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afghanistan. so i'd like to know a little more about why the secretary said this, and what he's basing it on. heather: peter, that's what i was wondering about when i heard this over the weekend, these messages are always crafted very carefully. why send this message now and i'm wondering to what extent it might have been a message to president karzai in afghanistan, hey, we're not going there be there -- going to be there forever, get your house in order or a message to the american public? >> i think it's talking to a lot of people. obviously people in the united states because the president has just decided to withdraw 33,000 troops over the next year from afghanistan. i think he's trying to wind down that war in afghanistan. that's what the president wants. i think you're right, there is also an international audience around the world, and they may also be able to tell al-qaeda or folks who might join al-qaeda that hey, it's not really worth joining up because the fact of the matter is we've got you on the run now. and i do agree with him that it's worthwhile, putting as much pressure on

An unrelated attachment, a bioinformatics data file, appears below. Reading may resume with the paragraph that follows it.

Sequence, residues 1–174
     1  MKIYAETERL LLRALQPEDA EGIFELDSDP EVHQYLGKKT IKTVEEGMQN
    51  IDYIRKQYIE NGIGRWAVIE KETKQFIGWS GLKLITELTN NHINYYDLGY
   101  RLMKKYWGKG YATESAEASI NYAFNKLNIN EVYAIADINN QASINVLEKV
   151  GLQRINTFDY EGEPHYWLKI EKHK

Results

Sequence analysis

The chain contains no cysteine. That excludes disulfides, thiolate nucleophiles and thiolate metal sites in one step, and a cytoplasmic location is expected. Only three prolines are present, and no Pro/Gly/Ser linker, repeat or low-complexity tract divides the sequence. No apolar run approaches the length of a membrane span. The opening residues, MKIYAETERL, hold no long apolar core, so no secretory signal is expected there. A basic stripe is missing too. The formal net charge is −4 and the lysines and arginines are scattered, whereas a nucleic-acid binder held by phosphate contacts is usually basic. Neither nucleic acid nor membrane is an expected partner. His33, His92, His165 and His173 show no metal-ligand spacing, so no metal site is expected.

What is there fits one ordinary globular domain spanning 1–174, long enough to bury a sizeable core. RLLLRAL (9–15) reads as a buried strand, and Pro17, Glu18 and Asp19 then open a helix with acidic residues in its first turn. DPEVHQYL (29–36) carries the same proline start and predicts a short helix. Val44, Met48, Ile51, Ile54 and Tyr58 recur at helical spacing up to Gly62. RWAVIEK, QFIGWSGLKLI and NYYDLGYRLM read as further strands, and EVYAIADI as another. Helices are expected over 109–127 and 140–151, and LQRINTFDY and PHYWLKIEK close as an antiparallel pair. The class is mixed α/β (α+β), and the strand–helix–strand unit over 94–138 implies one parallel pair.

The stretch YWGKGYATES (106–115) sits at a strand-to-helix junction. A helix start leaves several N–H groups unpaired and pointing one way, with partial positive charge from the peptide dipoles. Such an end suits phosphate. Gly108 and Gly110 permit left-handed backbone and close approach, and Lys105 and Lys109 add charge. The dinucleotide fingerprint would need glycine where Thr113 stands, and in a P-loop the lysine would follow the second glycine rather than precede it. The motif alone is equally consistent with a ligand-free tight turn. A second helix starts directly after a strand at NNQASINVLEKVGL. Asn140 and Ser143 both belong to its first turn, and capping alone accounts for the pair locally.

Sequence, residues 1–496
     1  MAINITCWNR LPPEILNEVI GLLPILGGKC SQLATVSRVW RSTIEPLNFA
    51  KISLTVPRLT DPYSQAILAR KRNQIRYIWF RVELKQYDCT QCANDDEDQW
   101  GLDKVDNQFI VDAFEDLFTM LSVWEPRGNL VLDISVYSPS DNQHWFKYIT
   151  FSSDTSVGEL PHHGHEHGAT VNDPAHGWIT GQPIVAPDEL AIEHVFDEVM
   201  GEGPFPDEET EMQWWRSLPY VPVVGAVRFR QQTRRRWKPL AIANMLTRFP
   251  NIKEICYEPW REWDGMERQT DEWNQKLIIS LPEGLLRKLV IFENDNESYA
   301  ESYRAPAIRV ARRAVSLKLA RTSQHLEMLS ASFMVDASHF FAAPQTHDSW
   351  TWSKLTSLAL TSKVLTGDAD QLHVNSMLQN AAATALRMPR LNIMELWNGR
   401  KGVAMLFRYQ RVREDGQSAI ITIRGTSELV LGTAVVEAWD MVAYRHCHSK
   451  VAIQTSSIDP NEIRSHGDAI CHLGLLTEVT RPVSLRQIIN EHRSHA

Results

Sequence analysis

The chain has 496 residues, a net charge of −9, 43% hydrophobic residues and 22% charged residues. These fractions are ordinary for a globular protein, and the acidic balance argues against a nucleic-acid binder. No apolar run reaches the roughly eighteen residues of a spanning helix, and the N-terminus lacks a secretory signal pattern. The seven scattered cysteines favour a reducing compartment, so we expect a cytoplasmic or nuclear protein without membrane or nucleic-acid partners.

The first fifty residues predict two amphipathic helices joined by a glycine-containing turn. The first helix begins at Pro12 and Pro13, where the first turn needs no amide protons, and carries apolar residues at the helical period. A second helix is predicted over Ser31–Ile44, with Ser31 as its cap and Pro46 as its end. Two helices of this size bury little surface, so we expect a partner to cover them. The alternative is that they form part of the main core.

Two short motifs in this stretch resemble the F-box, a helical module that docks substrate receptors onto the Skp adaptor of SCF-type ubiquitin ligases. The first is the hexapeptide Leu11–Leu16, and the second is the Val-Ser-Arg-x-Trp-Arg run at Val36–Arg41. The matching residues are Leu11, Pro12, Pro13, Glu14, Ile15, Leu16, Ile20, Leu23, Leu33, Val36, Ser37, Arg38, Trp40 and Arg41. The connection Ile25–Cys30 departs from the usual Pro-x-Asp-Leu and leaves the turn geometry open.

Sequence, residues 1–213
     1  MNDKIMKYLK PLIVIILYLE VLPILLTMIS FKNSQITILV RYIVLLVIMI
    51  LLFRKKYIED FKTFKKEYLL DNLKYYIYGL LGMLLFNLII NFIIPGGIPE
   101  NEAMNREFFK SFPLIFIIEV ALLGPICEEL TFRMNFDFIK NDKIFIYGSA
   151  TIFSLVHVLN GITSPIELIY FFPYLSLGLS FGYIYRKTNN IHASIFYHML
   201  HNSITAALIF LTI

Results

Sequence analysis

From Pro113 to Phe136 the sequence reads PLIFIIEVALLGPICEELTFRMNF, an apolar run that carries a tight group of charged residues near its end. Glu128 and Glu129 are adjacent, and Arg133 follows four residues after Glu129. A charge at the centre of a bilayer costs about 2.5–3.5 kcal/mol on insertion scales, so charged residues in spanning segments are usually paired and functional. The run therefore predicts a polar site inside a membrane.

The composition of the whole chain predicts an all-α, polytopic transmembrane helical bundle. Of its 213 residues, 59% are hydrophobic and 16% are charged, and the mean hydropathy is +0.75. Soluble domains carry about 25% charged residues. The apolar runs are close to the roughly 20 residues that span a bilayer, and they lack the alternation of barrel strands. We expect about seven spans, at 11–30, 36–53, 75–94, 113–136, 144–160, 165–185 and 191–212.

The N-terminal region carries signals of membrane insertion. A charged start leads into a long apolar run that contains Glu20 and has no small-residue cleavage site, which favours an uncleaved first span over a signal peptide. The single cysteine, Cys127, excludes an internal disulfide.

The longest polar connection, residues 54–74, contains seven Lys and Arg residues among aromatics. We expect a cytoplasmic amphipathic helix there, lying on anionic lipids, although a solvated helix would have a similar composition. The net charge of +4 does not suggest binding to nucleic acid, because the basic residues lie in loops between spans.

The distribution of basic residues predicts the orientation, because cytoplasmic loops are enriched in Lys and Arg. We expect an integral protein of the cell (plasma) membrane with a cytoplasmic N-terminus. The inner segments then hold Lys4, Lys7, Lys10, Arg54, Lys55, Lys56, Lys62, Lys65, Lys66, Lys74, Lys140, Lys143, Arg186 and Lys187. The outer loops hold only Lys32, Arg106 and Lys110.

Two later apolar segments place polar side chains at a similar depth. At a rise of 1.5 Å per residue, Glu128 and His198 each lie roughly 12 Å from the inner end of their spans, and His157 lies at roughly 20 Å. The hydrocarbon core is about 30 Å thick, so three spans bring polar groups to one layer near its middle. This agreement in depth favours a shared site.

, significant change to the war in afghanistan. general david petraeus officially handing over command in that war. brand new video, here, this morning, the formal transition in kabul. lieutenant general john allen is in charge of the war and doug mcelway is life in d.c. on that, happening at a time when the country is dealing with more violence. what is happening there, doug. >> there is a lot of 0 carnage in afghanistan over the weekend and last week as well and the change of command ceremony went off as planned and u.s. and nato commanders wanting to send a message of stability an continuity, in the face of the taliban attacks and the general handing over the reins to john allen as he gives up the uniform he worked for more than 30 years to become the next director of the cia. and petraeus struck an optimistic tone today. . >> contrary to the forecasts of significant further increases in the attack levels this year the number of attacks the past two-and-a-half months was actually less than the number for the same period last year, even though there are over 80,000 more afghan and is
Search Results 0 to 2 of about 3 (some duplicates have been removed)

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